CSO’s summer opener with Bronfman upstaged by Ravinia’s Jumbotrons
Conductor James Conlon opened the Chicago Symphony Orchestra’s Ravinia season Tuesday night with just the right program to provide an enjoyable summer evening. Mendelssohn’s bicentennial year was marked with his spirited Symphony No. 1. And, in a magisterial performance of Brahms’ Piano Concerto No. 2, Yefim Bronfman deftly balanced power and poetry, showing once again why he is the leading exponent of this work today.
Unfortunately, the superb live performances were largely pushed into the background by the Ravinia Festival’s simultaneous video transmission. In a grievously misguided attempt to broaden the classical concert experience, Ravinia has installed two 15 x 20-foot screens on either side of the stage, where simultaneous video transmissions are projected a la pop events and Andrea Bocelli stadium concerts. The video projections, used for one weekend last year and inaugurated in June as a permanent fixture, will be standard for all of this summer’s pavilion performances, including all classical and CSO concerts, a Ravinia spokeswoman said.
Ravinia CEO Welz Kauffman is a dynamic individual and a smart guy. But let’s not mince words. This initiative is a bad idea—a very bad idea.
In its attempt to “open up” the traditional classical event, the video simulcast only serves to cheapen the concert-going experience, making it less appealing and, to be frank, irritating as hell. At the Met, one can turn off the translations on the chair-back in front, or, at the Lyric Opera, elect not to look up at the surtitles on the proscenium. However, with the vast scale and placement of Ravinia’s video screens and their constant whooshing motion, there is no way anyone can “opt out.”
Every audience member at Tuesday night’s Chicago Symphony opener was made an involuntary participant in an interactive video assault of images, gliding pans and jarring close-ups of musicians. This nonstop visual nudge-nudge-wink-wink is like sitting next to some oaf at a play who loudly persists in telling you things you don’t need to know.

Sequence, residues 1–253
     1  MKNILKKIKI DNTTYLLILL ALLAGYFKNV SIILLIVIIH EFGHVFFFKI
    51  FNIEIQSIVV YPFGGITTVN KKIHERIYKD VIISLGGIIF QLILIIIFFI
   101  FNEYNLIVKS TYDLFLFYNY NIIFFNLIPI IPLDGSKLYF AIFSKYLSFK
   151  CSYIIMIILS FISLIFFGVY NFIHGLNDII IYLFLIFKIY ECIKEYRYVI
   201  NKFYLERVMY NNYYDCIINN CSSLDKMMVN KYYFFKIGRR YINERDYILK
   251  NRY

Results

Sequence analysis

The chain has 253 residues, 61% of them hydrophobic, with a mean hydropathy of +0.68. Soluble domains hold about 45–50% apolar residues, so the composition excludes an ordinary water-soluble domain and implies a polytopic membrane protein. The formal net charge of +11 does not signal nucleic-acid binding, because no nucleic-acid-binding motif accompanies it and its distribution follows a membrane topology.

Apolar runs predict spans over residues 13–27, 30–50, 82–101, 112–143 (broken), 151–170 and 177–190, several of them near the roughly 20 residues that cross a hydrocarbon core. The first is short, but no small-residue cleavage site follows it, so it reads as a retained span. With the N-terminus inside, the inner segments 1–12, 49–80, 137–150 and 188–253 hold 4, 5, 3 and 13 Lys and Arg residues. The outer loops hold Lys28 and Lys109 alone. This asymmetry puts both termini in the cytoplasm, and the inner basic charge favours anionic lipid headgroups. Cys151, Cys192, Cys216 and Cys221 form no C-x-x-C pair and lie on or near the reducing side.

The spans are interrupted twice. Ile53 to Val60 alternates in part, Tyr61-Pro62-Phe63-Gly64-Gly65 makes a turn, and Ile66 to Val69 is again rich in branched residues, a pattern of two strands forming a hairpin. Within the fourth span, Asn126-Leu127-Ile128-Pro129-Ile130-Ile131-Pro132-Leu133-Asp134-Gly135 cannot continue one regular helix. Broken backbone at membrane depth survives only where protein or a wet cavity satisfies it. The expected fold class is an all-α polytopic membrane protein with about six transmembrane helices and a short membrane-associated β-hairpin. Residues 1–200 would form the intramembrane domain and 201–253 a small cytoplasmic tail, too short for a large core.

A case can be made for installing video screens on Ravinia’s lawn where picnickers cannot see the musicians inside the pavilion (though hearing the unseen performers under the stars is a large part of Ravinia’s tradition and charm). But, why in God’s name, subject everyone sitting inside—where most have a decent view of the living, breathing participants— to an enormous, intrusive video of the performance alongside the actual, clearly visible event?
The bombardment of images makes attentive listening almost impossible, and encourages visual distraction. No matter how much effort one musters to concentrate on the music being played by the live performers, the dizzying slow pans, violent jump cuts, and sudden close-ups—and on Tuesday, missed camera cues and focusing on air or the wrong players—are impossible to block out. The summer tuxes and Conlon’s sudden podium motions add to the sense of visual disruption, morphing into massive white blurs in one’s peripheral vision.
I don’t believe most people attend a classical concert to be assailed with unwonted visual irrelevancies, like a violist’s unpressed tux, a violinist’s too-tight blouse or Bronfman’s hair. Tough luck for those who came to the concert just to experience the CSO, Brahms and Mendelssohn
Conlon, Ravinia’s music director, led a vigorous and lively reading of Mendelssohn’s First Symphony. Written at 15, the work has its derivative qualities, including Mozart and Beethoven as Conlon noted, though I heard more of Carl Maria von Weber than either. The performance would have benefited from lighter textures and a more quicksilver touch at times, yet Conlon and the orchestra provided fine advocacy for this early work.
Such was the artistry of Bronfman and the sterling support of Conlon and the CSO that it partly mitigated the visual bombardment and allowed one to concentrate on the music in Brahms’ concerto. The Adagio was particularly fine with Kenneth Olsen contributing burnished, understated cello solos, and Bronfman poised and rapt in his interaction with the orchestra.
Perhaps in time one can learn to tune out the video or drink the Kool-Aid and become accustomed to this MTV-ification of the classical concert experience. But I doubt it. So much contemporary pop calls for music-video flash, quick-edit dancing and assorted stimuli to distract one from the fact that the music isn’t very good. Brahms, Mendelssohn and the Chicago Symphony Orchestra don’t require such pointless “enhancements.”
Posted in Performances